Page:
The month of April is best known for the explosion of Easter Bunnies, obscene amounts of chocolate as gifts for children and a magnificent feast to celebrate the resurrection of Christ. To many people April is Easter, they plan, they organise, many months in advance sometimes, Children have the time of their lives, gorging on chocolate, receiving gifts from extended family members, but to me, April is Autism Awareness month.
So to celebrate this, I am going to dedicate my blog for a whole month to families who wish to share their Autism Journey with you.
Some of these people have autism themselves, some are autistic parents to autistic children. We have teachers with autistic students and even Bloggers who want share their journey with me, which I am very grateful for.
It was then that we decided as parents we needed to take the first step in seeing someone.
We tried and failed the first time: Having got an appointment through to see a paediatrician and then had it cancelled because we didn't meet enough of their tick boxes. After that life carried on for a little while and between the school Special Educational Needs Co-ordinator (SENCO) going on maternity leave and the summer holidays it got pushed to one side for a time.
September came and I went to see the Senco. I made sure I was well prepared for it though and there was no way they were going to cancel another appointment this time! I'd spent hours on the net researching the symptoms of Autism, Attention Deficit Hyperactivity Disorder (ADHD), Dyspraxia, Oppositional Defiance Disorder (ODD) etc so everything and anything that fit him could be documented.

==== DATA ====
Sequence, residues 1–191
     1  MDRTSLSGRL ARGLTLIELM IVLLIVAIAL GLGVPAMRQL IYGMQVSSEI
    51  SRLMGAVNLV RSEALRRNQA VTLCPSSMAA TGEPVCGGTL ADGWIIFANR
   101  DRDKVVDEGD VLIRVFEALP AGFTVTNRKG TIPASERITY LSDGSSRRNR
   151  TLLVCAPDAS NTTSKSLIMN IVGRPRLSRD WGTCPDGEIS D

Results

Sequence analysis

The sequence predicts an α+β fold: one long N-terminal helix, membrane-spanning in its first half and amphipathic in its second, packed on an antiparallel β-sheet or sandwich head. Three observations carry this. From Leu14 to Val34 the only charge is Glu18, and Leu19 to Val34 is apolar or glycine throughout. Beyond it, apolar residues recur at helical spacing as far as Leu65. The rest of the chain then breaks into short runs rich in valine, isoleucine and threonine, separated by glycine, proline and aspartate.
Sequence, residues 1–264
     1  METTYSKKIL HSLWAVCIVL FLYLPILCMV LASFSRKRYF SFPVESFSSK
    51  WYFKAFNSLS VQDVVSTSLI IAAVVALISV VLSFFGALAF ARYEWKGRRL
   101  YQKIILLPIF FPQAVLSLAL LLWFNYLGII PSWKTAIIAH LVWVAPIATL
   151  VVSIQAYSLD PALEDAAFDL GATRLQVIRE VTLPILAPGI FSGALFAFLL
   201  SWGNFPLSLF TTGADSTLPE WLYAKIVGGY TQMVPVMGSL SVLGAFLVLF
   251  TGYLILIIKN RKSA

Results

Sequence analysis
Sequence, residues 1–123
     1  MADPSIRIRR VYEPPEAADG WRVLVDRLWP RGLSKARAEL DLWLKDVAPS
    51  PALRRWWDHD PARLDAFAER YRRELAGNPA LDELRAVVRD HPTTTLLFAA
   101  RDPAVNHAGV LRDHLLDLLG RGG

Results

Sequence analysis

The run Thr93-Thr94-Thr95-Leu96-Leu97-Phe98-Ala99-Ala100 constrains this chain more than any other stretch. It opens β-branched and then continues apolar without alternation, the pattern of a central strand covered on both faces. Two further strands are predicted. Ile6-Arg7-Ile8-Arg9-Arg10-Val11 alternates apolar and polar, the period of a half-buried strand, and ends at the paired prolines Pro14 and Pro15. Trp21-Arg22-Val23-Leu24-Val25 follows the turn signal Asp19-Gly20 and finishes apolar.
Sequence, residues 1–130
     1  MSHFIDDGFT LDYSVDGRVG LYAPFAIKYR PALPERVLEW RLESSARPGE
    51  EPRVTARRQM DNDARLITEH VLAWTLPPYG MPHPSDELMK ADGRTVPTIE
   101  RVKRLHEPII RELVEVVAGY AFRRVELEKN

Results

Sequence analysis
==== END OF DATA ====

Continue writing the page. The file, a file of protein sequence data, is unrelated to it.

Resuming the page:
I made sure that it was all categorised too, such as sensory issues, coordination problems, limited safety awareness, and together with the SENCO we filled out all the necessary paperwork. Next was the trip to the GP and I went armed with everything I had and a letter I'd written to the Dr too. The Dr told me I had written a very good letter and that it was clear to see straight away there was something not quite right there and he agreed to forward it to the paediatrician. The very next morning we got a letter through the post for an appointment with a paediatrician.
I couldn't believe how fast it was!
This then worried me; was there a reason it had been rushed through?
The appointment was made for October, and so appointment day arrives and it's a day that I'm dreading but I am also hopeful about. Maybe I'm not just an awful mum after all and there is something there to explain a lot of B's behaviours. We walk into the office and more or less the first thing the paediatrician said to us was:
"I can more or less tell you now that I think your son is autistic".
Those words hit like a bomb. I'd been expecting them but hearing it out loud made it real and scary, very scary. He wanted to go through everything in the appointment first and said he wasn't sure if he could say for certain if we'd get an official diagnosis that day but at the end of the appointment he made it.
B is autistic.
I feel sad that he goes through this and most likely feels alone a lot of the time as if we try to talk to him about how he's feeling we can't get anything out of him and he struggles a lot with emotions as well as anger. I feel pain that I can't make it all better for him. I feel pride that he recently sat some mock SATS papers and was the only one in his class to get full marks, he tries his hardest even through his struggles. Most of all though I feel love. Love for my son no matter whether he has a diagnosis of autism or not. He is who he is and I love him for that.